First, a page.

Xépôn also played a role in anti-colonial movements in Laos. In the aftermath of World War II, a Laotian independence movement, the Lao Issara, formed to seek national independence. Thao Ō Anourack, a native of Xépôn, was appointed commander of all Lao Issara forces in the district.[11] Initially successful, French forces seized the capital of Vientiane by April 1946. Most of the Lao Issara fled to Thailand. In September 1946, however, several Laotian leaders met in the Vietnamese city of Vinh and, with the sponsorship of the Viet Minh movement, formed the Committee for Lao Resistance in the East to carry on the fight for indepencence. Thao Ō Anurak was one of the founding members of the committee.[12]

Due to its location near the ridge breaks and two major rivers, the village of Xépôn is estimated to have had about 1,500 inhabitants in 1960. Just five years later, half of the residents had fled due to war.[9]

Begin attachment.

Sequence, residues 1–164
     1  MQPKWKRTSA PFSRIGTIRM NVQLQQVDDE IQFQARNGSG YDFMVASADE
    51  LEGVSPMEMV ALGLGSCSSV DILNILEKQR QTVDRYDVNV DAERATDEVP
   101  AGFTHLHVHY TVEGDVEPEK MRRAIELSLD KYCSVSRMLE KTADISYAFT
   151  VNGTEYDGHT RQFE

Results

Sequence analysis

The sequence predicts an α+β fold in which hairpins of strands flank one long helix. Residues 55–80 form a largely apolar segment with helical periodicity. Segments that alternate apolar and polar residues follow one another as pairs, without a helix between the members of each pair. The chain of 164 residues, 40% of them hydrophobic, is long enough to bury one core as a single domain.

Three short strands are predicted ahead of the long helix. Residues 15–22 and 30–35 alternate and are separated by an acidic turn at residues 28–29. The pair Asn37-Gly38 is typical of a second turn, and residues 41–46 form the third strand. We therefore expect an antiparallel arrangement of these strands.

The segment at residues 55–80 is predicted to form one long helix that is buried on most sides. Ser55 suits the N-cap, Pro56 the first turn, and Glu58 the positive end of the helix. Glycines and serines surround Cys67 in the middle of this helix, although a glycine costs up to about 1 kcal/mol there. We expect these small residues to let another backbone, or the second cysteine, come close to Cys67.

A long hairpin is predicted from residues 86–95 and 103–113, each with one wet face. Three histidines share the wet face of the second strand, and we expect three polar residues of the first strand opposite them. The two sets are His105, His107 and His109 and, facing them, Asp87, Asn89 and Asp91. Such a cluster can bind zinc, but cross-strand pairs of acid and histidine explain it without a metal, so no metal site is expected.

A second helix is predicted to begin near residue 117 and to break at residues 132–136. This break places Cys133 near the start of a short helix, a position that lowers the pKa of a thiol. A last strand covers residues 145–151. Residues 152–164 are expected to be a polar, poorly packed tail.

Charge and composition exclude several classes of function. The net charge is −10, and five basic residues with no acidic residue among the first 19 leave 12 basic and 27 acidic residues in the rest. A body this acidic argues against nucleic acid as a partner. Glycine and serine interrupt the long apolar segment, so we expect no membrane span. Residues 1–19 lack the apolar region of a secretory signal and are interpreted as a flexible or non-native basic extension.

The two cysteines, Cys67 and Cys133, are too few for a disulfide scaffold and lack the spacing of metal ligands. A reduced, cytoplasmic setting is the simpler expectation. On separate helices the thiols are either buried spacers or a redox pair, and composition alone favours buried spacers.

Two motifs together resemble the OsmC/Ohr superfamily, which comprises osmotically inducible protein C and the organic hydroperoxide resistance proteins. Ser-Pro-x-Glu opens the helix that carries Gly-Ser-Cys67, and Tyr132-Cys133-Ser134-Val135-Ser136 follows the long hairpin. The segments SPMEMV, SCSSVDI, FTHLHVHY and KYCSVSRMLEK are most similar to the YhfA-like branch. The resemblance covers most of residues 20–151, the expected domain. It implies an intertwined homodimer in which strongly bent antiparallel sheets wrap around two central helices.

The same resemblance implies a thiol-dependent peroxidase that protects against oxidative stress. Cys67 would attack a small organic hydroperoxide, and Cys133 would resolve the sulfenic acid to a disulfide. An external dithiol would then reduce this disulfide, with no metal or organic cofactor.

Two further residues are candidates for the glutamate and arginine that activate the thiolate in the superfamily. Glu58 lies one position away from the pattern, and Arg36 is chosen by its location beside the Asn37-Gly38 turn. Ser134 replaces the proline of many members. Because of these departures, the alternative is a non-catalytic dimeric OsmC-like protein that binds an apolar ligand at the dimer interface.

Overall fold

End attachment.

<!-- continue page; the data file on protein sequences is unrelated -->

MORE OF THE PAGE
Air base[edit]

During the 1950s, the French military built a military airfield near Xépôn. The airfield was located about 1.5 kilometres (0.93 mi) northwest of the village on the south bank of the Se Nam Kok River. At 1,128 metres (3,701 ft) in length, the dirt airstrip was the largest in Savannakhet Province, and the second largest airfield of any in the nearby South Vietnamese provinces. The Royal Lao Army ceased defending the airfield in 1961, and it fell into North Vietnamese hands.[2]

Xépôn proved to be a critical point on the Ho Chi Minh Trail. The trail was a series of supply routes along through Laos which North Vietnam used to supply forces of both the People's Army of Vietnam (PAVN) and the Viet Cong guerrilla forces, both of which were operating in South Vietnam. Route 9 provided a quick way to move supplies east. The light Vietnamese trucks could also cross the Banghiang River at Xépôn which, although 30 metres (98 ft) across was just 1 metre (3.3 ft) deep most of the year, and then travel further south.[4] This made Xépôn the chokepoint for almost all motorized traffic passing through Mu Gia Pass, the main Ho Chi Minh Trail entry point into Laos.[13] Only Route 23, which led south from Mường Phìn, provided a good alternative.[14] The North Vietnamese invested Xépôn in December 1958,[15] and built a large, heavily defended military base there to help defend the area.[2]

Operation Lam Son 719[edit]

American officials believed that Xépôn was abandoned by 1970.[16]